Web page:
Novi Sad is well named.
For engineers at least, there is no more unhappy symbol of our war-filled times than the Serbian city's four bridges slumped in the Danube.
Most important was the Sloboda, a 351m central span single-plane cable stay road crossing. Both its steel pylons were hit in April 1999 by NATO Tomahawk missiles during the Balkan conflict.
To this day no one is sure if anyone was killed, although eight people were rescued from their cars by a heroic local tug captain.
As for the bridge itself, one of the 55m high pylons was destroyed; the other severely damaged at its base. With its support gone, classic plastic hinges formed in the steel box section main deck and most of it fell into the river.
The collapse caused further damage as the deck pulled in and dragged on the side spans - steel boxes supported on concrete piers.
Despite the damage, some of the structure can be salvaged, including the 25m high concrete base piers for the pylons.
And so, following clearance of the debris, the bridge is now being rebuilt using a E 35M (£22M) EU grant (see box).
'The bridge was examined and most of the substructure was intact, ' says Maurizio Ranalli, infrastructure programme manager for the European Agency for Reconstruction, which has funded and is overseeing the work.
The 1976 bridge's original designer, Professor Nikola Hajdin from Belgrade University, worked with Danish consultant Cowi on a pre-feasibility study and outline design, with further information contributed by French firm BCEOM's site investigation.
A contract was let to German contractor DSD Stahlbau, which began the repair on a design and build basis in July 2002.
Work started slowly but the pace has picked up since.
'The problem is analysing the structure, ' says DSD project manager Frank Minas. Although there are drawings of the bridge, the 'as built' details are limited.
The first task was to finish dismantling unusable and damaged parts of the bridge, particularly on the south bank where five pairs of cables on the tower were still connected to the deck.
To do this the bridge was supported on the riverside with a trestle erected to support the deck. Horizontal bracing was added for the piers. What was still standing had a de facto equilibrium, explains Minas, although 'no-one knew what the balancing forces were exactly'.
Minas did not want to risk the transient stability of the remains by dismantling them further, he says, particularly as it was unknown how close they or the remaining connections might be to failure. 'So we moved the whole as one piece, ' he says.
Jacks and winches on the horizontal bracing were used to pull back the steel deck, which had moved 1.8m towards the river. The deck slid over the half-intact bearing on the bridge's main pier; this had been prepared earlier by cutting away a bent section.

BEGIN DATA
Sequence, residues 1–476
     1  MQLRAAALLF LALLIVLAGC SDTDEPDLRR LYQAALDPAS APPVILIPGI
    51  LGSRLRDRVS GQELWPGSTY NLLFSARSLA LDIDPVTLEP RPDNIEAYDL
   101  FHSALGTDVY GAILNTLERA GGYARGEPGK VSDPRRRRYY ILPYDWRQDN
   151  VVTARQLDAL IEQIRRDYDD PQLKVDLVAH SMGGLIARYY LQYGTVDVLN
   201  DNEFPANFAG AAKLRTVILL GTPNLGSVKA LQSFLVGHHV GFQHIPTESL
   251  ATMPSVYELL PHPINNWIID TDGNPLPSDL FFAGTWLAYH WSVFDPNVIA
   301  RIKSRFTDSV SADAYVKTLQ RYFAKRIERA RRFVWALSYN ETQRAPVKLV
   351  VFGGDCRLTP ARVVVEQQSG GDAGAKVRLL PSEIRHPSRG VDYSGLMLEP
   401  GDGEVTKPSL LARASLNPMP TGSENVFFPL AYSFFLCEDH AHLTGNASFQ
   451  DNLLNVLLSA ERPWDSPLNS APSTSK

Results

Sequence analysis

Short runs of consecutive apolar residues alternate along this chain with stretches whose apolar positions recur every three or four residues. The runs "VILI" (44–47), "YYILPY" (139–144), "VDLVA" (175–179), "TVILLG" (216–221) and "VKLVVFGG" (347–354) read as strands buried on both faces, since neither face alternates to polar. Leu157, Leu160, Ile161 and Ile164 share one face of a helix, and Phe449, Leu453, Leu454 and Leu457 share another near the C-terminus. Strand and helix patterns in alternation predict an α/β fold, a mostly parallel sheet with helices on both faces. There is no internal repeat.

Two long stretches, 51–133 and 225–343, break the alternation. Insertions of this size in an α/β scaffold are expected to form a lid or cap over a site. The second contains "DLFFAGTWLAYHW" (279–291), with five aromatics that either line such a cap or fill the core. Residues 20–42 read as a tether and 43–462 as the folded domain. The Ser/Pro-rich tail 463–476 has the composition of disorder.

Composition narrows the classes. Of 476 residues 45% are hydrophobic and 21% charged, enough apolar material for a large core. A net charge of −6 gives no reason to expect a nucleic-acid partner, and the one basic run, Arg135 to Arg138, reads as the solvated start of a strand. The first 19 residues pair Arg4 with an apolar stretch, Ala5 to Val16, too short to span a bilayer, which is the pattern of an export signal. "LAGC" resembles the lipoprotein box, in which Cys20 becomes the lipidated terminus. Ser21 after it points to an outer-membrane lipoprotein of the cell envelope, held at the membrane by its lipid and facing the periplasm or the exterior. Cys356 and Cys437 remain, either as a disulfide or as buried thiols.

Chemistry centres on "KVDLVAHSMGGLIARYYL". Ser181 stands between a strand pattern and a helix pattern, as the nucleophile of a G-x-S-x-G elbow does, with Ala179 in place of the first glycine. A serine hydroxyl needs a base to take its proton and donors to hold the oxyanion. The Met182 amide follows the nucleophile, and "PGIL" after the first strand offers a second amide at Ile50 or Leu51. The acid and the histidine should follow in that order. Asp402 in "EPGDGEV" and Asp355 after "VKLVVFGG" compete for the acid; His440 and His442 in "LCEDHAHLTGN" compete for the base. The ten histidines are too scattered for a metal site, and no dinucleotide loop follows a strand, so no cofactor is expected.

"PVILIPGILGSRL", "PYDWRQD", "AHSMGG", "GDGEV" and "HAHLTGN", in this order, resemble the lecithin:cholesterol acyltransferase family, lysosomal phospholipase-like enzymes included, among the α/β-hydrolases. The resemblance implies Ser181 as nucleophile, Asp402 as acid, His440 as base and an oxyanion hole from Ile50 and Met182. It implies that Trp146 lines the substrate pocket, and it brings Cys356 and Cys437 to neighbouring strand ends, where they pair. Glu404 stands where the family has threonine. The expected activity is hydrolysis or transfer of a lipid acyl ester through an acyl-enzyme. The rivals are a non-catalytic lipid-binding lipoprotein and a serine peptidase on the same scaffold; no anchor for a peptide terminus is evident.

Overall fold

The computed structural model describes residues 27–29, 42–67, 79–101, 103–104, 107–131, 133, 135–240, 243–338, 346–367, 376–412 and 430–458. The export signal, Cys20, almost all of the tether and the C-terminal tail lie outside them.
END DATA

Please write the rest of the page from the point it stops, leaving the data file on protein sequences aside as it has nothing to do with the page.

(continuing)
At the same time more jacks were applied at the base and top of the two concrete piers supporting the 120m length of side span. Each of these had tipped forwards about 300mm but the prestressed concrete bulk was intact.
Once back in position the pier foundations were strengthened by creating an additional concrete collar around the pilecap and boring extra piles.
Similar work was carried out on the opposite bank but here piers were in the river which meant creating cofferdams before inspecting the foundations and installing the jacks to tilt them back. The movement needed was much greater because the deck had been pulled forwards 5.5m;
pier heads had moved 3.5m.
One pier had to be demolished and rebuilt completely but the others were successfully rescued.
While all this work was under way new steel deck sections were being fabricated.
Of the 42 steel box segments of the bridge, 19 are sufficiently undamaged to be re-used and the rest must be fabricated anew.
Another eight of the steel and concrete top composite side span segments are also required.
The 200t units can be delivered by barge from a loading point 220km downstream, which means they can be lifted from barges in a classic bridge construction sequence using derrick cranes at the ends of the extending deck cantilevers.
Originally the whole bridge was to be done this way with the intact units dismantled and re-lifted in a straightforward re-erection.
'But instead we have supported the intact deck in place using clusters of heavy steel piles, ' says Minas. Sliding bearings on top allow the deck to be jacked backwards and forwards so that deck sections can be added in. Even when they sit finally over piers they can be lifted directly from the water and then be positioned.
A similar technique allowed a damaged mid section to be cut out and replaced on the south bank where the heavy segment under the pier was a mass of twisted steel.
Segments are now arriving and being placed, bolted and welded to an extending deck.
This will be supported at three points with clusters of four cables being made by BBR in Switzerland. BBR was the original manufacturer and has detailed knowledge of the bridge.
'Cables were originally preformed, ' says Minas, 'but this time they will be made strand by strand with an isotensioning system.'
Additional work under way includes welding extra stiffeners into the intact boxes. This is needed for the temporary works movements and also to bring the bridge up to modern European standards. It is expected to open next summer.